Consumer confidence in eating and drinking out remains high despite Omicron spread

By BigHospitality

- Last updated on GMT

Consumer confidence in eating and drinking out remains high despite Omicron spread

Related tags: Omicron, Hospitality, Cga

Consumer confidence in eating and drinking out remains high despite the rapid spread of the Omicron variant, according to new research from CGA.

More than two thirds (70%) of people now feel confident about visiting pubs, bars and restaurants – more than double the number at the start of 2021 (34%) and a sharp increase on the total of 52% from CGA’s research in July – its Consumer Pulse survey has found.

The research of 2,000 nationally representative consumers does, however, reveal that anxiety about Covid-19 remains, with more than half (55%) of consumers worried about Omicron and two thirds (67%) concerned about a further peak in infections.

The hospitality sector’s efforts to reassure guests have proven to be effective, according to CGA, with nearly three quarters (71%) of people saying that they feel ‘very’ or ‘quite’ safe on their last visits—a slight increase from July’s total of 69%.

Consumers are also keen to support a sector that has been heavily impacted by Covid-19. Seventy per cent say they are worried that venues may not survive the pandemic, while 62% say they are actively supporting local hospitality businesses.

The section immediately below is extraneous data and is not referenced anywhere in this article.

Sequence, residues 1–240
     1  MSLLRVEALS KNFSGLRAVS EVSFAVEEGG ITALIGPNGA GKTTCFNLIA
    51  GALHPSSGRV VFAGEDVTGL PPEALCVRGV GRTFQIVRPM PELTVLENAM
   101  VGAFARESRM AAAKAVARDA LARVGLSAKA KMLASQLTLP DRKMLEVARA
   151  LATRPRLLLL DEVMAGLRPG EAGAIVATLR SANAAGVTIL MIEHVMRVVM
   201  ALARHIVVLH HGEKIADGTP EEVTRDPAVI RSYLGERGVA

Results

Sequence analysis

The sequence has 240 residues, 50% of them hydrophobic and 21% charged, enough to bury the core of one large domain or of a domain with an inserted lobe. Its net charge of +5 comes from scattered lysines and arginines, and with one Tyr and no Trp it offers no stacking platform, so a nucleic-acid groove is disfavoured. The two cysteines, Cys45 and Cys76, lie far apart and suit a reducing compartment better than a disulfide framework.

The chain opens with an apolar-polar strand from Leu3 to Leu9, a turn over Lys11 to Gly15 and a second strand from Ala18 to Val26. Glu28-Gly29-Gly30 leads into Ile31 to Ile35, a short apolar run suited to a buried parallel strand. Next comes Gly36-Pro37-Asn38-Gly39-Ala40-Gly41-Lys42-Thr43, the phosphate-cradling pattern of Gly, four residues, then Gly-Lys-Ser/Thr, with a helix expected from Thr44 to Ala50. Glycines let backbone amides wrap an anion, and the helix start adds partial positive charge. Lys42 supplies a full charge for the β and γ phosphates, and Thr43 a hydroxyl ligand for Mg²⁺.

There are signs that footfall should increase in the months ahead, with 19% of consumers planning to visit venues more often than they did in the previous year and 33% saying they will increase their frequency of visits after the end of January.

However, 17% of respondents said they will make fewer visits to hospitality venues this year.

“After a very tough Christmas, these numbers are a welcome reminder of the huge underlying appeal of Britain’s pubs, bars and restaurants. Having missed out on so many hospitality occasions in 2021, and with concerns about safety easing, we can be cautiously optimistic that spending will rebound as the year goes on,” says CGA’s group CEO Phil Tate.

Some customers will remain anxious about going out, with hygiene and cleanliness likely to be important drivers of visits for some time to come, according to CGA.

“Some hospitality businesses remain vulnerable after enduring nearly two years of very challenging trading conditions,” adds Tate.

“But this is a resilient and resourceful industry, and with the right support from government it is well placed to drive Britain’s economic recovery in 2022 and thrive in the long run.”

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